Ramsey knows there are cultural barriers to break down to increase participation in schools. She said specifically in Latino households, if your child is clean, behaves and does their homework, then the parent is doing their job. It’s seen as disrespectful to go into the school and question it.
She hopes to see that change, but she knows that comes with trust. The district wants to work with churches and community centers to build trust and involvement.
“We also know that we represent our governmental agency and in many of our communities, I’m not sure the government has been really good to all of us all the time,” she said.
The superintendent knows Fort Worth ISD is not where it wants to be. There still is a system where ZIP codes far too closely correlate to academic outcomes. She knows the district didn’t create that system.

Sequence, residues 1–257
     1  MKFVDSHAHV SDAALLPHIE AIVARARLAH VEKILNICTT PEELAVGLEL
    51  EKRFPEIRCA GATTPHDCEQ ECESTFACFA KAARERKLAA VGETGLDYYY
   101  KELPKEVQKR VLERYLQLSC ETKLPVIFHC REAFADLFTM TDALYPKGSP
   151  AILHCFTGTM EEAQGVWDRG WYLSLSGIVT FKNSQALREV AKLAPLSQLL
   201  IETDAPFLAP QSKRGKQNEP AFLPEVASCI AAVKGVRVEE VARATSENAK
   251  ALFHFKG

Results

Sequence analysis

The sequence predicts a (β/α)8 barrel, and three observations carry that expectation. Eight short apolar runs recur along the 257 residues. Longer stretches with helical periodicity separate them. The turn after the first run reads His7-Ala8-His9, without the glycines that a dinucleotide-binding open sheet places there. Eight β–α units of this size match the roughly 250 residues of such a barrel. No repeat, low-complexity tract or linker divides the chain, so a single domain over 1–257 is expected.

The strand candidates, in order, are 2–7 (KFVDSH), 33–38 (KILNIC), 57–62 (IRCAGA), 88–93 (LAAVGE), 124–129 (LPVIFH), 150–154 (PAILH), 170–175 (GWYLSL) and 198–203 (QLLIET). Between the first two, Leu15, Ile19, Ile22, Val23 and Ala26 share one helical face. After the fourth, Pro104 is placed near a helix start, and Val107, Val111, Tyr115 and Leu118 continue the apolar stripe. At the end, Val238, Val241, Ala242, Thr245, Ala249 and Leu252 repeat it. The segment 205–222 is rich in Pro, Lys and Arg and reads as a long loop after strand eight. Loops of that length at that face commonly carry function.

She knows enrollment is down. She knows what reading data says.
But she also knows the district has a responsibility to work around systems in place and build a strategic plan that looks to the future and helps every child get the education they deserve.
In doing so, she hopes that when she inevitably has to leave Fort Worth ISD it doesn’t matter because there are systems in place that put students first.
She wants Fort Worth to know this: its students are doing amazing work.
“When you hear, especially on social media, someone saying something negative, don’t think of me. I’m a big girl, I can take it,” Ramsey said. “Think of that kindergartner that’s trying to learn to read. Think about that eighth grader that moved here from a war-torn country and they just got here. Think about that teacher that is struggling in a third-grade class every day. Do they deserve that? Instead tell them the great things happening.”
Kristen Barton is an education reporter for the Fort Worth Report. Contact her at email@example.com. At the Fort Worth Report, news decisions are made independently of our board members and financial supporters. Read more about our editorial independence policy here.